Cadiz is a little peninsula perched next to the southernmost tip of Spain. Like a jewel that has fallen lose from a crown, it shimmers with a dignified grace, just waiting to be discovered. And what a discovery it will be. Oozing with history and antiquity, this miniature city is the oldest continuously inhabited settlement in Europe.
First off, one of the most charming things about Cadiz is that only the very, very touristy spots will have English speakers. In most places, you’ll need to flex your Spanish muscles or dig out your phrasebook. In fact, the town tends to be populated with Spanish tourists in summer time, rather than British ones. The only exception to this is once or twice a week when a cruise ship docks for a few hours. Once these tourists get back on the boat, the lovely haven of Cadiz is yours to share with the Spaniards again!
Steeped in history
A stroll around the ancient winding streets of Cadiz is a historian’s dream. Cadiz has a long and diverse history, so you’ll find a feast of architecture here, from Moorish to Roman influences. You’ll discover lots of gorgeous churches and museums, and many of them are free. You can walk the city easily in an hour or so, so don’t worry about getting lost! Taking the tour bus is another option, but it means missing much of the wonderful lanes in the pedestrianised centre. If you get tired, take a cafe con leche in one of the pretty plazas and soak up the tranquillity of the city.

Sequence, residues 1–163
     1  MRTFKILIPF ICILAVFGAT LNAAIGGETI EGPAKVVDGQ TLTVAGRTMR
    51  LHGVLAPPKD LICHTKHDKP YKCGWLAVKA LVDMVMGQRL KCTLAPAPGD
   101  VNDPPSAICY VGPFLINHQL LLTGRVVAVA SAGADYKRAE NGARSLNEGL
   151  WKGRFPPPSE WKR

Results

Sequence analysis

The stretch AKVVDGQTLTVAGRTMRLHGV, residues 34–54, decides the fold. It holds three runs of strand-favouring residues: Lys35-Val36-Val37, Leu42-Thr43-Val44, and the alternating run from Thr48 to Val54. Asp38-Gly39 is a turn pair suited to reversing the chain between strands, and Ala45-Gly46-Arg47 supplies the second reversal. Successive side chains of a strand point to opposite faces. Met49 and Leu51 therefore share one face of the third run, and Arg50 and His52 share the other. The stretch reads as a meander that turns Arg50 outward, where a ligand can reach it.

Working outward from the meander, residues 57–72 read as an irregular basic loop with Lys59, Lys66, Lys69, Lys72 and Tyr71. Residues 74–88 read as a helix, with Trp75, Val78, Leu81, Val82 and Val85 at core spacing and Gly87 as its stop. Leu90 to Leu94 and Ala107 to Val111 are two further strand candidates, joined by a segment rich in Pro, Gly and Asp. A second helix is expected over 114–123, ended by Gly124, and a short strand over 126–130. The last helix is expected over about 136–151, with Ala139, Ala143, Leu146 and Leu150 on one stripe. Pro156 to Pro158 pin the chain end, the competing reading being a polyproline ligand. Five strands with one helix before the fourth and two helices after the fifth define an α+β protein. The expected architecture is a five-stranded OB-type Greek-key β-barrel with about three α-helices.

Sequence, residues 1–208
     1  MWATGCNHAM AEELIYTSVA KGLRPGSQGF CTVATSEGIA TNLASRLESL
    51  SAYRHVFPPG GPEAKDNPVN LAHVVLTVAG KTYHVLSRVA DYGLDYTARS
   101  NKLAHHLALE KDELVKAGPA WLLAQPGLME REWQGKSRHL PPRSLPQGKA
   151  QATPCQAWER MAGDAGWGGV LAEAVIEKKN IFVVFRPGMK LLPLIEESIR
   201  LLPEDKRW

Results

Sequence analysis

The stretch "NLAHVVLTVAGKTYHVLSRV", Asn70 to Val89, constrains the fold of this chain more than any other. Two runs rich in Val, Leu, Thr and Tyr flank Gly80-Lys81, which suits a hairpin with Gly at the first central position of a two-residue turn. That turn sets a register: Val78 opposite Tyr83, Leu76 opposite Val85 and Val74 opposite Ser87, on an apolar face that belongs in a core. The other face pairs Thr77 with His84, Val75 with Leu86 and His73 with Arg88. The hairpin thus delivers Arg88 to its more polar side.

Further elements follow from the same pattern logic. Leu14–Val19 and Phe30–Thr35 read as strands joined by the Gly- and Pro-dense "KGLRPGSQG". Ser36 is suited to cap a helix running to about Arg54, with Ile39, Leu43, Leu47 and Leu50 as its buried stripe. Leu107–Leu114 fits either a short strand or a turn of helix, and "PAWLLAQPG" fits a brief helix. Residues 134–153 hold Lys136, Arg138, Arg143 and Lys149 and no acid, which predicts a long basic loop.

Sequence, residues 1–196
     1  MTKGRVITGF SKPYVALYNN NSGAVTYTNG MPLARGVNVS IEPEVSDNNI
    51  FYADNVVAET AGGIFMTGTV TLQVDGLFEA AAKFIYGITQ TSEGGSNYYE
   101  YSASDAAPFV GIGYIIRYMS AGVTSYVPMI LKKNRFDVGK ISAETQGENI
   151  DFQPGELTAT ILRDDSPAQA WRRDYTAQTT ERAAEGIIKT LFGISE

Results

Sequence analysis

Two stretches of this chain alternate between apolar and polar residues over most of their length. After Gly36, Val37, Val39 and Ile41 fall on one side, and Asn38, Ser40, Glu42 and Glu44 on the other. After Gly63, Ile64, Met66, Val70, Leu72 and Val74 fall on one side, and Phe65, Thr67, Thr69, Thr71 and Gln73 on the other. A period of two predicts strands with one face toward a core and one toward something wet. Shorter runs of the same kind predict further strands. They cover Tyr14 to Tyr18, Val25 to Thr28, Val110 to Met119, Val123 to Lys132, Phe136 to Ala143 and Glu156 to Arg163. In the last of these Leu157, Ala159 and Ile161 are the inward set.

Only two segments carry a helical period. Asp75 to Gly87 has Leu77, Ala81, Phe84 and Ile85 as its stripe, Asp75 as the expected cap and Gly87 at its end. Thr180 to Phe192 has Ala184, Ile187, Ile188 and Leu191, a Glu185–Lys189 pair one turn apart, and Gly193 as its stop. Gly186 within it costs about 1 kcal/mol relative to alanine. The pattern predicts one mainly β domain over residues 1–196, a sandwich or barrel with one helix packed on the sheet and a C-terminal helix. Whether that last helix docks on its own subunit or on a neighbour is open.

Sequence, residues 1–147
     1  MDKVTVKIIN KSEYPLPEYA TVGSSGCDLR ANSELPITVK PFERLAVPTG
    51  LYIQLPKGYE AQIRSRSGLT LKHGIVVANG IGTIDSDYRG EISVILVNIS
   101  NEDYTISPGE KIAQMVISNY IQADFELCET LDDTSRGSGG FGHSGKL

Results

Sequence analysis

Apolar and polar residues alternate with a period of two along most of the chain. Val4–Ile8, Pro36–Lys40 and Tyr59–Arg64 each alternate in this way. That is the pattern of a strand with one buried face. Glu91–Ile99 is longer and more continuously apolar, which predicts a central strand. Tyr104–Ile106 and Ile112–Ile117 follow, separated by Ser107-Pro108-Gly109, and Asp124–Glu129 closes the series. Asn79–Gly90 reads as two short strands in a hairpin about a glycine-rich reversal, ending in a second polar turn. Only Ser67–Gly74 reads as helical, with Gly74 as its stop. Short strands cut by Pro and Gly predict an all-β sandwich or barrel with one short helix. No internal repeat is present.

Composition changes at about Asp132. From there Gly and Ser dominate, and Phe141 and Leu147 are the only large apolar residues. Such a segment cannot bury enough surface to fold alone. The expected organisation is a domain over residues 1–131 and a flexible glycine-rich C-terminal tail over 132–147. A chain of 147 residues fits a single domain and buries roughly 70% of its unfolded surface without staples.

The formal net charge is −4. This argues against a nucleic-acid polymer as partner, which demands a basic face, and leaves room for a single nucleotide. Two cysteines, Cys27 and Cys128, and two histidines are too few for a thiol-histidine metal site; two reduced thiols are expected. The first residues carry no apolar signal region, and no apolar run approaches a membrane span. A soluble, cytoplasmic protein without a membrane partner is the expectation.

My advice for making the most out of Cadiz? Rent a bike. There’s a huge expanse of pedestrianised routes to cover and you can also cycle the entire perimeter of the city along the coastline where you’ll be treated to some spectacular sunsets. One of my favourite places to sit and watch the world go by is Parque Genovés where the trees have been skilfully moulded into works of art, and the pathways are lined with shrubs, hibiscus flowers and little water features. Venture to the back of the park and you’ll see a waterfall and a little collection of ducks. One evening I listened to a group of Mariachi singers practising here and it was just magical.
Eat, drink and be merry
What else can you do? Cadiz is also a city brimming with art, and there are several galleries to visit. Sample the local sherry and, of course, eat some of the freshest seafood you’ll find in Spain. Every morning, you’ll see the locals lining the seafront with their fishing rods – a sign that the fish in the region is worth getting out of bed for! Flamenco is a must, and tends to be more authentic than in other destinations. In the surrounding region, there is the option to visit Jerez, and you can even hop on a ferry over to Morocco if the mood takes you. Mostly though, you’ll want to relax within the pretty peninsula of Cadiz, hugged on all sides by the sea, and tucked blissfully away from the mainstream tourism that you’ll find elsewhere in Spain. Enjoy!